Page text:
Fire escape ladders are one of the most important tools to help people escape from being trapped in a building that is on fire, from earthquakes, or acts of terror. A fire escape ladder is actually a simple and easy-to-use system where a person can easily scale the side of a building using only their hands and feet to get to the ground safely.
How to Use a Building Fire Escape Ladder
These escape ladders are the ones you see attached to the sides of buildings. They are permanently attached and are never removed, unless for building maintenance, repair, or demolition. These are often located at the bottom of a series of flights of stairs or staggered from balcony to balcony at each level. Drop-down ladders do not fully reach the ground to keep the use of ground space to a minimum.
For more information, see our post Where Are Fire Escape Ladders Required?
How to Use Drop-down, Retractable or Cage Fire Escape Ladders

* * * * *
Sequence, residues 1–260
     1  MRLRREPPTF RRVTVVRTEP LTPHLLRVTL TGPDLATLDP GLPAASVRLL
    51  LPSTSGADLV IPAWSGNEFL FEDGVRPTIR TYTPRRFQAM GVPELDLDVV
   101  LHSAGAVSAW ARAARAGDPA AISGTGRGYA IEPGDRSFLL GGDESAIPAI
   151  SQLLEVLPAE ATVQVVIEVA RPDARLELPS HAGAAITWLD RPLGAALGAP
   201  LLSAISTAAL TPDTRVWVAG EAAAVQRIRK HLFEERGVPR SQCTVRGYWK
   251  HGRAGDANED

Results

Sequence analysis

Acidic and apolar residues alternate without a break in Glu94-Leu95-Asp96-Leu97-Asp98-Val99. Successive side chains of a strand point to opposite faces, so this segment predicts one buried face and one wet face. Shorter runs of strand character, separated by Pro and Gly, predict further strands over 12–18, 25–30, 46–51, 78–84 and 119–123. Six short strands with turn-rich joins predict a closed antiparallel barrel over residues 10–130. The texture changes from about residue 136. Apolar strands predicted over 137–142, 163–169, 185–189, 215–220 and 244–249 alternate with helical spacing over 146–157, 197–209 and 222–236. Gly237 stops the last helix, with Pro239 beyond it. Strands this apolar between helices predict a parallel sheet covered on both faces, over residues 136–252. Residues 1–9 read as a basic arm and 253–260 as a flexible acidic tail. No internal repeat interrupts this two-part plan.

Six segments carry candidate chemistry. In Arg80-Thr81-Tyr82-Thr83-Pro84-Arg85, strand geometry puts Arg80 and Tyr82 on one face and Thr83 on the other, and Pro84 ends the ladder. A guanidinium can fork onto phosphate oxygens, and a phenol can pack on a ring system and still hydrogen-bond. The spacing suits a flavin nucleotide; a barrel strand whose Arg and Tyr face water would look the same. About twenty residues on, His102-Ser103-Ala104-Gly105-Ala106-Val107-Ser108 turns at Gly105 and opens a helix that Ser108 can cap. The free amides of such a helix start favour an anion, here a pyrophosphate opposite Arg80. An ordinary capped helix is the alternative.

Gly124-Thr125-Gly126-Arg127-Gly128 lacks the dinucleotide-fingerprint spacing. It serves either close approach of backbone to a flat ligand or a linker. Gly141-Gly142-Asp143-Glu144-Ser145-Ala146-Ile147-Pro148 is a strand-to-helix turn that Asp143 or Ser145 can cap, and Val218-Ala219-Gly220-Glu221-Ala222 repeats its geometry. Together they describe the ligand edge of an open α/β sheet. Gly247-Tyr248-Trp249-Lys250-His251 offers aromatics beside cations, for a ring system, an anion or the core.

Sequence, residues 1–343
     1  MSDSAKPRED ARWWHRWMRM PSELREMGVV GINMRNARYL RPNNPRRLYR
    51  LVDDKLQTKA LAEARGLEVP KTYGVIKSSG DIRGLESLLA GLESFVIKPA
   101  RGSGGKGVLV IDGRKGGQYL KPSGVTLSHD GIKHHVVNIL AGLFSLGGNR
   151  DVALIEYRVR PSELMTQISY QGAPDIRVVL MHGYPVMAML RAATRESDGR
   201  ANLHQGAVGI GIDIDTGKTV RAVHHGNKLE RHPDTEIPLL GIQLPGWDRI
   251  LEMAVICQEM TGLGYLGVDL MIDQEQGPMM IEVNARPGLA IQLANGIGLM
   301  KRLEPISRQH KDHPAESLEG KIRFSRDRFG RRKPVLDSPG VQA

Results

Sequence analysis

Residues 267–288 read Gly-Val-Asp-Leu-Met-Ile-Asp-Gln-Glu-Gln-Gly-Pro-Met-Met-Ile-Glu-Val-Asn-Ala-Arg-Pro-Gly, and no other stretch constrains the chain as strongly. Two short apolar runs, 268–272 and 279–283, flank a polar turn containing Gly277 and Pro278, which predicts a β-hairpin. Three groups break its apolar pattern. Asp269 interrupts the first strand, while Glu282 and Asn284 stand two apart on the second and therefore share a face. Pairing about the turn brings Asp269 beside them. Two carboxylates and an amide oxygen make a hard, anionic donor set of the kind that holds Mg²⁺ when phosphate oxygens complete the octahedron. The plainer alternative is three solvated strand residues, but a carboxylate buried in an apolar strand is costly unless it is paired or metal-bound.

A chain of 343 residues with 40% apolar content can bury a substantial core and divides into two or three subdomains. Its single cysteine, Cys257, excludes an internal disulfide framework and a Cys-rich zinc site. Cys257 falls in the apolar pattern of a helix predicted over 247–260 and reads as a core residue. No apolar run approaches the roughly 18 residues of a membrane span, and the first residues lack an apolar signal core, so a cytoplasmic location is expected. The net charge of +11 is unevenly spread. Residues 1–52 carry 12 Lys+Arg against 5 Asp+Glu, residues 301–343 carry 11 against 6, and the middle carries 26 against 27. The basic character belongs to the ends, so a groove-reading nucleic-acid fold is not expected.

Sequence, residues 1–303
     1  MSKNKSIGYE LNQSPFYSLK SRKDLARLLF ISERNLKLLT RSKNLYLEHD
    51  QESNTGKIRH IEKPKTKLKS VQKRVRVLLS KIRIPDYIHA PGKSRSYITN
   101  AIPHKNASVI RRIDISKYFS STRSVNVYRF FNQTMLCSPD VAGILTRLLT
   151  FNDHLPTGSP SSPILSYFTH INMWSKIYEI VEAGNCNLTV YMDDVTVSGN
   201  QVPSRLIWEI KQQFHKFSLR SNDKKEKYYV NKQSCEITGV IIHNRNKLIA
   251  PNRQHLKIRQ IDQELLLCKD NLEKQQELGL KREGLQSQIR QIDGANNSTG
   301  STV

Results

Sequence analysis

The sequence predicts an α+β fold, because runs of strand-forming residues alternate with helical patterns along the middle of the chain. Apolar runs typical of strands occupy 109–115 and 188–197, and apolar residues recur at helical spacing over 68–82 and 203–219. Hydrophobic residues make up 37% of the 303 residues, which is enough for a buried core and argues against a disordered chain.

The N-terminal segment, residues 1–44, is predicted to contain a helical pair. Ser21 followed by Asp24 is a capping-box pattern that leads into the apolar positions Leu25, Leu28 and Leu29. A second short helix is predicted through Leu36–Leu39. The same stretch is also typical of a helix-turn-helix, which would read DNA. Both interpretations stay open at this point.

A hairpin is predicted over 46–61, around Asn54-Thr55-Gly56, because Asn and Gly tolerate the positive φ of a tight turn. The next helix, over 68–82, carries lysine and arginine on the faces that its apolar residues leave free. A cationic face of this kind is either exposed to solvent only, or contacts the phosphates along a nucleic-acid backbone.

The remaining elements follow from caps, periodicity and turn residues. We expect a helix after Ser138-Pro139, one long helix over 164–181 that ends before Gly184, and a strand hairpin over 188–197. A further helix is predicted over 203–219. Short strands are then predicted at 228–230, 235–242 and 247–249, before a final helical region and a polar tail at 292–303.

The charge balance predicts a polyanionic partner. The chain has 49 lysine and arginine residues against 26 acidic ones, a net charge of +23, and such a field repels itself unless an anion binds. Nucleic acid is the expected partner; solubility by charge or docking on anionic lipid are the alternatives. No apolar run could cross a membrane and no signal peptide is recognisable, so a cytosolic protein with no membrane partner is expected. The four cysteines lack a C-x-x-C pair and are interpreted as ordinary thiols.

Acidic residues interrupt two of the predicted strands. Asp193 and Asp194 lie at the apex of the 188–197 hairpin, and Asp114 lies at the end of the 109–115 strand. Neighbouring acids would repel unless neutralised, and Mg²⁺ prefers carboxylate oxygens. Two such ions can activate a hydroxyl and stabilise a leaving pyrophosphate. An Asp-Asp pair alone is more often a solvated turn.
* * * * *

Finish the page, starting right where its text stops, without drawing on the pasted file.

Step 1. Exit the building through a window or door that leads to the access balcony connected to the fire escape stairs and/or ladder.
Step 2. If it is a side retractable fire escape ladder, unlock the ladder by shifting the lever on the outside brace at the top. This will open the ladder outward from the side of the building.
If it is a drop-down ladder, kick the locking mechanism if it is on a lower rung, or switch the top lever mechanism that locks the ladder in place so that it drops down.
If it is a cage ladder, unlock the safety bar that prevents anyone from entering the ladder.
Step 3. Unlock the safety door at the bottom of the cage ladder to exit the lower end. Remove the lower rung covering if there is one.